At this time, Imogene has experienced a health downturn due to a stroke. She requires 24-hour at-home care. A daughter has taken Imogene into her home, where a home health care agency provides needed care. This caregiving arrangement has worked due to a long-term care insurance policy that Imogene purchased many years ago.
- FinancingImogene’s nursing home care. Imogene’s health continues to decline. The caregivers, Carl and his daughters, based upon the recommendations of the geriatric care manager and the life care planner, have decided to place Imogene in a skilled nursing facility. The average cost of skilled care can range from $170 to $225 per day. Even though Imogene’s long-term care insurance policy will cover a portion of her skilled nursing cost, there will still be a difference to be paid by someone. As we can see from Carl and Imogene’s financial portfolio, their current income will not cover the cost of Imogene’s skilled care in a residential setting. Also, it would appear that Carl and Imogene’s assets would render Imogene financially ineligible to qualify for public benefits through the Medicaid program or through the Veterans Administration to defray the cost of such care. The threshold considerations relative to placement in a skilled nursing facility are as follows:
■ In considering an appropriate skilled nursing facility placement, it is imperative to consider Imogene’s past behavioral issues. Many facilities may decline to accept her as a resident due to her past behavioral issues.
■ Carl does not drive very much and cannot travel very far from their home to visit Imogene in the skilled nursing facility.
■ Carl and Imogene’s assets must be repositioned in forms that will cause those assets not to be categorized as countable resources under Medicaid criteria. Because a Medicaid benefits applicant can only have $2,000 in countable resources, the remainder of the assets must be allocated, spent, or invested in ways that are Medicaid compliant and thus are not included as countable resources when a Medicaid benefits application is considered. In the case of Carl and Imogene, several methods of asset repositioning should occur. The following asset repositioning strategy could be adopted to establish Medicaid benefits eligibility; it must be noted, however, that because the Medicaid program is administered in each state under state-specific rules and regulations, the calculations herein are representative only.
|i) A portion of the couple’s assets may be allocated exclusively to Carl:
The amount of Imogene’s assets allocated to Carl is $6,508.00.
ii) Next, a portion of Imogene’s income may be allocated to Carl to cover his living expenses. Carl can request a fair hearing before the state agency charged with responsibility for administering the Medicaid program during which he can present proof of his living expenses so that a portion of Imogene’s income may be allocated to him. It is possible for a portion of Imogene’s income to be allocated to Carl so that his imputed income for purposes of Medicaid eligibility $1,711, that is, the current standard maintenance amount. Thus, Imogene’s imputed monthly income would be $989 and Carl’s would be $1,711. The $989 amount that is allocated to Imogene under this calculation is the amount that must be paid to the skilled nursing facility as her personal contribution to the cost of her residential care. Medicaid will pay the remainder of the monthly cost of her residential care. The remainder of Carl and Imogene’s monthly income in excess of the $989 amount may be retained by Carl and spent on his personal monthly living expenses.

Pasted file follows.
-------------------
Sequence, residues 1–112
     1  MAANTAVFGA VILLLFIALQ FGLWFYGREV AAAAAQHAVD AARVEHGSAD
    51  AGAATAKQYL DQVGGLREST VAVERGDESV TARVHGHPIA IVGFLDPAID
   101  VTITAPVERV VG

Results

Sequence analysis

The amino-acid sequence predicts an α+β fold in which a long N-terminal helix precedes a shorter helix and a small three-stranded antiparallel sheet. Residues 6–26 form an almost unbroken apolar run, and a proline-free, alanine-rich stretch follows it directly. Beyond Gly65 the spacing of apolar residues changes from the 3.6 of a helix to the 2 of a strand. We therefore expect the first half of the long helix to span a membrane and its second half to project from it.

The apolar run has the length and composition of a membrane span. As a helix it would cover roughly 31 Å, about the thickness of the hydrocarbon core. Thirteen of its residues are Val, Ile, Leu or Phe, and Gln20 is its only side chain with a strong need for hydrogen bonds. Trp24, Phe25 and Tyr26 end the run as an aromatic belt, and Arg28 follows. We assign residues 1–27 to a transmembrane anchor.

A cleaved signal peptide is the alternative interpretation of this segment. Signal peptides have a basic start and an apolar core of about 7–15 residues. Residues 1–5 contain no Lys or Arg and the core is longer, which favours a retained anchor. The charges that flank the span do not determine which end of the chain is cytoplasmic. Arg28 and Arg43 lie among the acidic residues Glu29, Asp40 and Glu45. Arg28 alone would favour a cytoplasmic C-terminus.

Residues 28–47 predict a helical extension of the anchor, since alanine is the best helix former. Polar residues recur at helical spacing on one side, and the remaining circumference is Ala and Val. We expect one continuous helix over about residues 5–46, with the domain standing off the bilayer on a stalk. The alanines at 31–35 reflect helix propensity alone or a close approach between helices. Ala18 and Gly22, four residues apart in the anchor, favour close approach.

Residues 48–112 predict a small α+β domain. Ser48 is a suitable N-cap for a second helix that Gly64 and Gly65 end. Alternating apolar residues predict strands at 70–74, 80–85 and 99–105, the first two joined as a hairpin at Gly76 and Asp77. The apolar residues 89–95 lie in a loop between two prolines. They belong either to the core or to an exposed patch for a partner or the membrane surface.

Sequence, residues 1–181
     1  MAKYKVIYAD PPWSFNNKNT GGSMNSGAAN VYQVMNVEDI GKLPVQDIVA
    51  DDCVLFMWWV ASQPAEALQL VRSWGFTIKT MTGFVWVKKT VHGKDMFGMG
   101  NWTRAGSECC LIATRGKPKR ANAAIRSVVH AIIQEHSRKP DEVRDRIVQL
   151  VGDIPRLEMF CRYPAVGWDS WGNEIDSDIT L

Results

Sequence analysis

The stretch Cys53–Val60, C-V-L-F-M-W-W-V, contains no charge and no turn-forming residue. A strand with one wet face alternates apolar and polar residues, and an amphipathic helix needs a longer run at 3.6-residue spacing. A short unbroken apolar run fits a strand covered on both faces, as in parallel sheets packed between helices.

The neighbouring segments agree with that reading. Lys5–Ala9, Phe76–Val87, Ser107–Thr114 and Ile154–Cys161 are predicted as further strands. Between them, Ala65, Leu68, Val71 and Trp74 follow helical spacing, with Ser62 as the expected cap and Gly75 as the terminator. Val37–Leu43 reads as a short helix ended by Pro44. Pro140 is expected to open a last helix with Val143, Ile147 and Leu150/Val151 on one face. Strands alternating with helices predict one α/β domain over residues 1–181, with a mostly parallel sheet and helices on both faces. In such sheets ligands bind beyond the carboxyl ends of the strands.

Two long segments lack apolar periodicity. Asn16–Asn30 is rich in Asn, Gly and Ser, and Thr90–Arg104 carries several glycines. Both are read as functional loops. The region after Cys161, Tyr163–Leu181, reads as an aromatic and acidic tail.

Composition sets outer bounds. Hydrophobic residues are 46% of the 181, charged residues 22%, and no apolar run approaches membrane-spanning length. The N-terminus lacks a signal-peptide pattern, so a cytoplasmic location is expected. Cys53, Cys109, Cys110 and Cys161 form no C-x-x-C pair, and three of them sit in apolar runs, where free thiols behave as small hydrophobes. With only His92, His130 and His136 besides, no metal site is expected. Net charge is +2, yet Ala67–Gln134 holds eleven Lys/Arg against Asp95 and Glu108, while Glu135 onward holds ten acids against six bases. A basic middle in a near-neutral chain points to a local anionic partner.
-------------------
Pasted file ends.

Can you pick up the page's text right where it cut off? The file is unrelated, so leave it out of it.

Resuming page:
- Seeking supplemental income for Carl. Based upon Carl’s military service, he may be eligible for Veterans Administration benefits because of Imogene’s medical needs. If her medical needs are sufficient and if their assets can be positioned to establish benefits eligibility, Carl could qualify to receive roughly $1,000 per month, which could be spent on his living expenses or on Imogene’s care. If Carl qualified for the VA benefit and if Imogene qualified for the Medicaid benefit, the Medicaid benefit for Imogene would be reduced by the amount of the VA benefit. The criteria and the corresponding calculations under which eligibility for VA benefits is determined are different from those that apply to establish Medicaid eligibility. A methodology similar to that set forth in Step 1 would be employed using the benchmarks set forth under separate and distinct VA eligibility criteria.
- Accommodating Carl’s rehabilitation from his anticipated surgery. Carl is scheduled to undergo hip replacement in the near future. This will impact his ability to visit Imogene and will create a temporary need for skilled nursing care for Carl. Care should be given to determine whether the skilled nursing facility selected for Imogene has the capability to care for Carl during his rehabilitation so that he may stay in Imogene’s room during that time. Such arrangements can sometimes be made, resulting in economy in cost of rehabilitative care and reduction of demands upon family caregivers during Carl’s convalescence.